Thomas Woodrow Wilson (December 28, 1856-February 3, 1924) was the 2twenty-eighth president of the United States, from 1913 to 1921, and leader of the progressive movement. Wilson induced a conservative Democratic Congress to pass a progressive legislative agenda, unparalleled until the New Deal in 1933. This included the Federal Reserve Act, the Federal Trade Commission Act, the Clayton Antitrust Act, the Federal Farm Loan Act, and an income tax. Child labor was temporarily curtailed by the Keating-Owen Act of 1916. Wilson also averted a railroad strike and an ensuing economic crisis through passage of the Adamson Act, imposing an eight-hour workday for railroads.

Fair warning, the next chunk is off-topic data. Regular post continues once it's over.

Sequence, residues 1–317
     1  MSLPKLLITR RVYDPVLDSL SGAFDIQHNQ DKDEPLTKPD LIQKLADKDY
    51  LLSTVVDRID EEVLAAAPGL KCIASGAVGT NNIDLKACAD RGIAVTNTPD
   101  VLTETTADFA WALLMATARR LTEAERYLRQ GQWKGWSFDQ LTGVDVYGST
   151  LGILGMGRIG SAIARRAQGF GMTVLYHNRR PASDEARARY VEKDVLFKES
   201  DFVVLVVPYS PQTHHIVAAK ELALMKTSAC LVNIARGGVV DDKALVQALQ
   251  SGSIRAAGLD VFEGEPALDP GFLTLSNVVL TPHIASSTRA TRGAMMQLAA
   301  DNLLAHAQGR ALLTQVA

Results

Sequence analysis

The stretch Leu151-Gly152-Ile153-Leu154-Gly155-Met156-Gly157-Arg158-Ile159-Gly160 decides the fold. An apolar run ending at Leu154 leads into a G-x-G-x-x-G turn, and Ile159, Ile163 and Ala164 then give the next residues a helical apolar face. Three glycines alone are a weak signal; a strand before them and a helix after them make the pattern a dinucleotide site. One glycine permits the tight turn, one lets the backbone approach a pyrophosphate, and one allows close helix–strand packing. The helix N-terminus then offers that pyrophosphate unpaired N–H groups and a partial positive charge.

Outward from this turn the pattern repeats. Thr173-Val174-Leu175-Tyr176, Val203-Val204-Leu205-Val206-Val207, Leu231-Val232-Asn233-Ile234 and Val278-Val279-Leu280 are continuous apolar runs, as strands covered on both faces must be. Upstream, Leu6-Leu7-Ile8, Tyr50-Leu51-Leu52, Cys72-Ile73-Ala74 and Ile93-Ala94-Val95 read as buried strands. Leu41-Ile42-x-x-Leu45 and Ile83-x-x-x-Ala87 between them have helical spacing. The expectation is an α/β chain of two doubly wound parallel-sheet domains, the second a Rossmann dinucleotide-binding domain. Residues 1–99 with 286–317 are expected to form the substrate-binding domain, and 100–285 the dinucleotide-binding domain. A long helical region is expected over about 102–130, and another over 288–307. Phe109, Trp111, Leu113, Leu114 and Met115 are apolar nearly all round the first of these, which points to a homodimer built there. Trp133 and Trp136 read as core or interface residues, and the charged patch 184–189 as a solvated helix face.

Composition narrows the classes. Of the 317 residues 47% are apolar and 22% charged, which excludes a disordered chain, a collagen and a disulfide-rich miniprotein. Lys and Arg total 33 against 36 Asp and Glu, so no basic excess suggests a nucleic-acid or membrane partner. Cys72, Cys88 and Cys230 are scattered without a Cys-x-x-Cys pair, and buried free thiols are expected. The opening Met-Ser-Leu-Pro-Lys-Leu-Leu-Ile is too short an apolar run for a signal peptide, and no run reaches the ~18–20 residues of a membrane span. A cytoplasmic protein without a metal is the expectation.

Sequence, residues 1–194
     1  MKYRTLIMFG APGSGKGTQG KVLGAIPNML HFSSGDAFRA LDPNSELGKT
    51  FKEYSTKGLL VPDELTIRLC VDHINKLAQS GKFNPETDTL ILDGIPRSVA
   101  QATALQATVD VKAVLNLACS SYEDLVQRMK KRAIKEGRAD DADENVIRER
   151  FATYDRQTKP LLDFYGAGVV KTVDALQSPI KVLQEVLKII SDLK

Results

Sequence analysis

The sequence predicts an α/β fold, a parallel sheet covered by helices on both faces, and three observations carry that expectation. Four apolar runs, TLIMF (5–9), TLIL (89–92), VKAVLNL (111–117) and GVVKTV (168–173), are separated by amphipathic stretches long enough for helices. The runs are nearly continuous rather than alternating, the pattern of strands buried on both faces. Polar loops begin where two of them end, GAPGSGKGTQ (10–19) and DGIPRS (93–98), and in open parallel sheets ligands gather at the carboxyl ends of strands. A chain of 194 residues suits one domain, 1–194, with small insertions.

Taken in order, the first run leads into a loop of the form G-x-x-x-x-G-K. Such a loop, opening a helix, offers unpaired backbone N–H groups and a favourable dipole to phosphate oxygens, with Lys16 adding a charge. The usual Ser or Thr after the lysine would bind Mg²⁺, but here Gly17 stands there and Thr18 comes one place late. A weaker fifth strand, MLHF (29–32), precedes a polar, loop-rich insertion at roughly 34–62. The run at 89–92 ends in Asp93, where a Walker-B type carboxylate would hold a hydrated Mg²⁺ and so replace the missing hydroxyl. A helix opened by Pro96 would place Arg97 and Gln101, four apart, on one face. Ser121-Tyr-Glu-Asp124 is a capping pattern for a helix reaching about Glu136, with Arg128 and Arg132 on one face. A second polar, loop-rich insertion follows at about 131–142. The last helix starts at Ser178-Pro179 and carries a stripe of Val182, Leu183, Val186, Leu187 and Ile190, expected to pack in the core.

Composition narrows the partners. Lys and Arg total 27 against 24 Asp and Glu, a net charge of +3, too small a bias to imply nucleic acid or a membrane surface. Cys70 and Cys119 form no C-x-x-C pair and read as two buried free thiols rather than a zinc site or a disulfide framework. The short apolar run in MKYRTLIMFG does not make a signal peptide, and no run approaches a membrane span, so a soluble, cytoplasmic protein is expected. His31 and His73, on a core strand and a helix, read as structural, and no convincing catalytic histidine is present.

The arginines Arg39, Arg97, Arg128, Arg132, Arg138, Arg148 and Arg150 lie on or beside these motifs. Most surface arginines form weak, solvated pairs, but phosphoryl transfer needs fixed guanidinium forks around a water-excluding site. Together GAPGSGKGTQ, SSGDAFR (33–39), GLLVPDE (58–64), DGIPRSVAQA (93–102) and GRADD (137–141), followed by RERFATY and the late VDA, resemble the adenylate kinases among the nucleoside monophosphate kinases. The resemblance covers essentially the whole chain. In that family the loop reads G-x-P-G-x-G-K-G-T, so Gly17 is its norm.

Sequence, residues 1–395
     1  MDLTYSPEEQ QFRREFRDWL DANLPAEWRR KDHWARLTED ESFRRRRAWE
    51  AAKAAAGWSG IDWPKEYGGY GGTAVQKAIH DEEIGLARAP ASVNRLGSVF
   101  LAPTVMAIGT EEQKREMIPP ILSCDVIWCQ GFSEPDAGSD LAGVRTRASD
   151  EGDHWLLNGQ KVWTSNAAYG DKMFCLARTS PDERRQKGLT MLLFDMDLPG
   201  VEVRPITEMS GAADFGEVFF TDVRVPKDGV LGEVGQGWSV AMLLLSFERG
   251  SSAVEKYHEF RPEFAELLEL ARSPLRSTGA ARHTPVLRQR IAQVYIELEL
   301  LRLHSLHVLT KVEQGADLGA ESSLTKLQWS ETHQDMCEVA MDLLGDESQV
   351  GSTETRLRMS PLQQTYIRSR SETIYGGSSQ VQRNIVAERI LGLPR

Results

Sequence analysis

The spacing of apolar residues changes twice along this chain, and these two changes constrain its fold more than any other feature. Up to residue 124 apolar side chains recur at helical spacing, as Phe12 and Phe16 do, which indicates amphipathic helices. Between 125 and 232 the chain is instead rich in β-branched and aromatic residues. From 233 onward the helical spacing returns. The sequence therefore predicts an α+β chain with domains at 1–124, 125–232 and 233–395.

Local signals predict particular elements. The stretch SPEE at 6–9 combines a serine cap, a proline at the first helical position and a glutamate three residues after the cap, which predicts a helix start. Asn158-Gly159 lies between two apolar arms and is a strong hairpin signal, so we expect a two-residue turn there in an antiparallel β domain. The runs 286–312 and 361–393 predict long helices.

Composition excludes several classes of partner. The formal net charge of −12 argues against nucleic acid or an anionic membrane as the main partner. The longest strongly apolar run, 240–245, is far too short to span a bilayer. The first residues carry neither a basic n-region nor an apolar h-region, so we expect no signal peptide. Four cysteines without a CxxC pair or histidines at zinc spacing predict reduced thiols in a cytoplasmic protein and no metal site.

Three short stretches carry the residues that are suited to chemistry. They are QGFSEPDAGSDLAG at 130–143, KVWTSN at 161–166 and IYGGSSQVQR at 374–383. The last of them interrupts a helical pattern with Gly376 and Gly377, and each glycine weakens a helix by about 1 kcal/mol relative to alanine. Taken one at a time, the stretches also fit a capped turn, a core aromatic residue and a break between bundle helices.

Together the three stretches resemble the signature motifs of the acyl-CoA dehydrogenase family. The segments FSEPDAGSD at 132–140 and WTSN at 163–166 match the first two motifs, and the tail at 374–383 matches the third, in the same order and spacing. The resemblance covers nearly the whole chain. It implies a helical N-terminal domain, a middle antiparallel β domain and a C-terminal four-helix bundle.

At the outbreak of World War I in 1914, Wilson maintained a policy of neutrality. Narrowly reelected in 1916 around the slogan "he kept us out of war", Wilson's second term was dominated by American entry into World War I.